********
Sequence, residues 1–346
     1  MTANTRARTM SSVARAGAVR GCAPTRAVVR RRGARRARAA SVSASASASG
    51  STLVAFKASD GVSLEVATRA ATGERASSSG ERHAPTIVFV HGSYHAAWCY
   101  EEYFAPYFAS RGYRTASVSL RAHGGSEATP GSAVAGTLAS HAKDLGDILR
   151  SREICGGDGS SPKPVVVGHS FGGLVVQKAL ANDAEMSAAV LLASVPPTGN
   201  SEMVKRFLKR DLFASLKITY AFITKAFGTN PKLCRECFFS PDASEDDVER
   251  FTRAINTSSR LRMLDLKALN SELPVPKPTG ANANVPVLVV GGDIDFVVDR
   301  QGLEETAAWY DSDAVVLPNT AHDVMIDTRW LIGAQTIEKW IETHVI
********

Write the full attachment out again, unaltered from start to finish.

Sequence, residues 1–346
     1  MTANTRARTM SSVARAGAVR GCAPTRAVVR RRGARRARAA SVSASASASG
    51  STLVAFKASD GVSLEVATRA ATGERASSSG ERHAPTIVFV HGSYHAAWCY
   101  EEYFAPYFAS RGYRTASVSL RAHGGSEATP GSAVAGTLAS HAKDLGDILR
   151  SREICGGDGS SPKPVVVGHS FGGLVVQKAL ANDAEMSAAV LLASVPPTGN
   201  SEMVKRFLKR DLFASLKITY AFITKAFGTN PKLCRECFFS PDASEDDVER
   251  FTRAINTSSR LRMLDLKALN SELPVPKPTG ANANVPVLVV GGDIDFVVDR
   301  QGLEETAAWY DSDAVVLPNT AHDVMIDTRW LIGAQTIEKW IETHVI